Specialist US firm Phillips & Cohen is setting up in London to take advantage of what it says is a growing international appetite for whistleblower claims.
The London office, based on Chancery Lane, will focus in particular on fraud allegations in the financial sector, but enable the firm to represent whistleblowers in the UK who wish to bring a case under US 'whistleblower reward' programmes.
The firm will represent its UK clients in lawsuits in the US and will not practise any English law.
The firm says it already has clients in the UK and internationally, and hopes the new office will allow it to build on its existing client base. Last year it represented a whistleblower who was awarded a record $30m (£20m) payout from Wall Street watchdog the Securities and Exchange Commission. It was the largest payment ever given to a whistleblower by regulators.
Erika Kelton (pictured), an attorney at the firm who will be based at the new office, told the Gazette: ‘What we have been finding in the past five years that the international reach of the Dodd-Frank reform [which created the whistleblower programmes] is really quite profound. We are getting a lot of clients from the UK and especially in London.’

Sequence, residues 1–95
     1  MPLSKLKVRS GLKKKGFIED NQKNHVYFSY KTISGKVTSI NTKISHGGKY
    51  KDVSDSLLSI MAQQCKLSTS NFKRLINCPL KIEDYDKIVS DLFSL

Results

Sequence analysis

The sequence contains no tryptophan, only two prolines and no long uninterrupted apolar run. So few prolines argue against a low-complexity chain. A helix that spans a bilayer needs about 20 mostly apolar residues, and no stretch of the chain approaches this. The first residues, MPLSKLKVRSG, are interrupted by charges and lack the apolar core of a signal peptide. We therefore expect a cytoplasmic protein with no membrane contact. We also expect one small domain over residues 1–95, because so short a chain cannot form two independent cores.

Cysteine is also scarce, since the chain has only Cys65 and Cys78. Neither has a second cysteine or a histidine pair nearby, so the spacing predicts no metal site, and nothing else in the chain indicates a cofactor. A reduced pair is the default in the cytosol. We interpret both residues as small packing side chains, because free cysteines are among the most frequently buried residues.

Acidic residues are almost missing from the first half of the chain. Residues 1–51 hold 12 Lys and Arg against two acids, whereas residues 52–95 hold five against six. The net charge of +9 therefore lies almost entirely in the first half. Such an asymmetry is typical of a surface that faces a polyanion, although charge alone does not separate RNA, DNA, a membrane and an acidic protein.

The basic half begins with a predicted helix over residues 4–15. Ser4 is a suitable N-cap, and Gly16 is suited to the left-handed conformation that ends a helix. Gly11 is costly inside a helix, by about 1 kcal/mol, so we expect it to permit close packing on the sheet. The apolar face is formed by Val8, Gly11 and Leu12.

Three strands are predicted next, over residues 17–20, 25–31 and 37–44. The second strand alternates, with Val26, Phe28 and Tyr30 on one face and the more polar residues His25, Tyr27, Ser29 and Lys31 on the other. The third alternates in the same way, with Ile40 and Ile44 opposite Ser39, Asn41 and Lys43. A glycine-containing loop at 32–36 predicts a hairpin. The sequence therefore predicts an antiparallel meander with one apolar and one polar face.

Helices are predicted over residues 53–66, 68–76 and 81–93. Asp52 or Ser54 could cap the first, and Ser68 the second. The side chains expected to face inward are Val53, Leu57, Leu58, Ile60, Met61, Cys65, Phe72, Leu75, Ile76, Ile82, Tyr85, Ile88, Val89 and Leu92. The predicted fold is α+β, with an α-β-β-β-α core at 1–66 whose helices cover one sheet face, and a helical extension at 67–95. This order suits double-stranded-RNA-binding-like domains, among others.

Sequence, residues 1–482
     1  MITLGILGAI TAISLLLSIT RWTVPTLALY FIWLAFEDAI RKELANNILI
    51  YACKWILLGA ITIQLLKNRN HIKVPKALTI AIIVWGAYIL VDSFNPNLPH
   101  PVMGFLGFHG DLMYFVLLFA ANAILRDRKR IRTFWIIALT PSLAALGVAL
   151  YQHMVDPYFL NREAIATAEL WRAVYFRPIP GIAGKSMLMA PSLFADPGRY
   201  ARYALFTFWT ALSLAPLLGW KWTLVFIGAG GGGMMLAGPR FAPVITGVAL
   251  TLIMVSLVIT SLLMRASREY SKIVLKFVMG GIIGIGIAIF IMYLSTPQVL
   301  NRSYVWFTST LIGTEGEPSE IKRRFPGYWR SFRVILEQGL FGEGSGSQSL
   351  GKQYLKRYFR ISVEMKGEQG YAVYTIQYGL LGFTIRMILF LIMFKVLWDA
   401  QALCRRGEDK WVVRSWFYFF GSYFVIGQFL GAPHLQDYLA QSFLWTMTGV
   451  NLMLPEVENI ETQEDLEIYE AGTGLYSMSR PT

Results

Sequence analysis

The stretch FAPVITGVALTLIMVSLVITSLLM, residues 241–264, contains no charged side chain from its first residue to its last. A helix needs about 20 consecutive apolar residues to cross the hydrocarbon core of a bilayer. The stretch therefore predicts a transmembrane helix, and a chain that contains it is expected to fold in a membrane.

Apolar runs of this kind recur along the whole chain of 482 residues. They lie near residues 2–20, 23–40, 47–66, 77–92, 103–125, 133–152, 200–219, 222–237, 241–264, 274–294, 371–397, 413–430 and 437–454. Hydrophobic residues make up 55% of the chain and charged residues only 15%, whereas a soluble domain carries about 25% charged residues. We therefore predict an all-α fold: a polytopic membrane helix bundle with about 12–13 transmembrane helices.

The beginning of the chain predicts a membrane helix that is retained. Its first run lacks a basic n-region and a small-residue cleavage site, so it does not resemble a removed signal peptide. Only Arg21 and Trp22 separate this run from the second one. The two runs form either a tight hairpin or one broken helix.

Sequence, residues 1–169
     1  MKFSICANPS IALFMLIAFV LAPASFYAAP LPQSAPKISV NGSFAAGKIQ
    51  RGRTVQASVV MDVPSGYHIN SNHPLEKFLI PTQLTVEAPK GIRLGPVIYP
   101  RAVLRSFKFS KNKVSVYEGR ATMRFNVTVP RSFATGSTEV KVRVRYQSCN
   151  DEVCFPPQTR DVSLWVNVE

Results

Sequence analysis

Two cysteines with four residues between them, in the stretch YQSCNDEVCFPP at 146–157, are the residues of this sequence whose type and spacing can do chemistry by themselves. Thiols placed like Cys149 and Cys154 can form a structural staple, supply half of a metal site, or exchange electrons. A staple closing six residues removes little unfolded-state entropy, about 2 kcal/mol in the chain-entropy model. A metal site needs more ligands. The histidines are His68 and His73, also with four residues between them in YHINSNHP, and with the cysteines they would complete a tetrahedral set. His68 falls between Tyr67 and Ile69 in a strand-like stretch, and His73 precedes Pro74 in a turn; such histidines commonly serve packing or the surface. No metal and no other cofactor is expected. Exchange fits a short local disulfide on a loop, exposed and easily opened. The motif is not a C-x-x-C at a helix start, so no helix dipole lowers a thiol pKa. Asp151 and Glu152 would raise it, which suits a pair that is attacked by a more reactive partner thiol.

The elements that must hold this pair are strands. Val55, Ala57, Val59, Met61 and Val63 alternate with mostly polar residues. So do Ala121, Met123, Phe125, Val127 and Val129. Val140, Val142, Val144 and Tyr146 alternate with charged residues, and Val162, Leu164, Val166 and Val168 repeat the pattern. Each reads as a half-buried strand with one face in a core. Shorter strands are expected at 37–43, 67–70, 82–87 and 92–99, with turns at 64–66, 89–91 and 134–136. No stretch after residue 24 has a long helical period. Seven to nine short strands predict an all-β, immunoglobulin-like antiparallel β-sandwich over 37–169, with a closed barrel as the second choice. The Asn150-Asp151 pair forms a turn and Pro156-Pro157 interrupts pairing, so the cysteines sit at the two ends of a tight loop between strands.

She added that it has become clear that the UK will continue to be a robust source of whistleblowing, particularly given the nature of the financial sector in London.
Initially Kelton will be the only lawyer based in the London office, with other attorneys from the firm travelling as they are needed, but the aim is to expand.
Phillips & Cohen exclusively represents whistleblowers in claims involving violations of securities and commodities laws under recent legislation which means that whistleblowers can receive large compensation rewards. It also represents whistleblowers in ‘qui tam’ cases brought under the US False Claims Act.
So far it has won $12bn in recoveries, and more than $1bn in rewards for its clients.
The firm is headquartered in Washington DC and also has an office in San Francisco.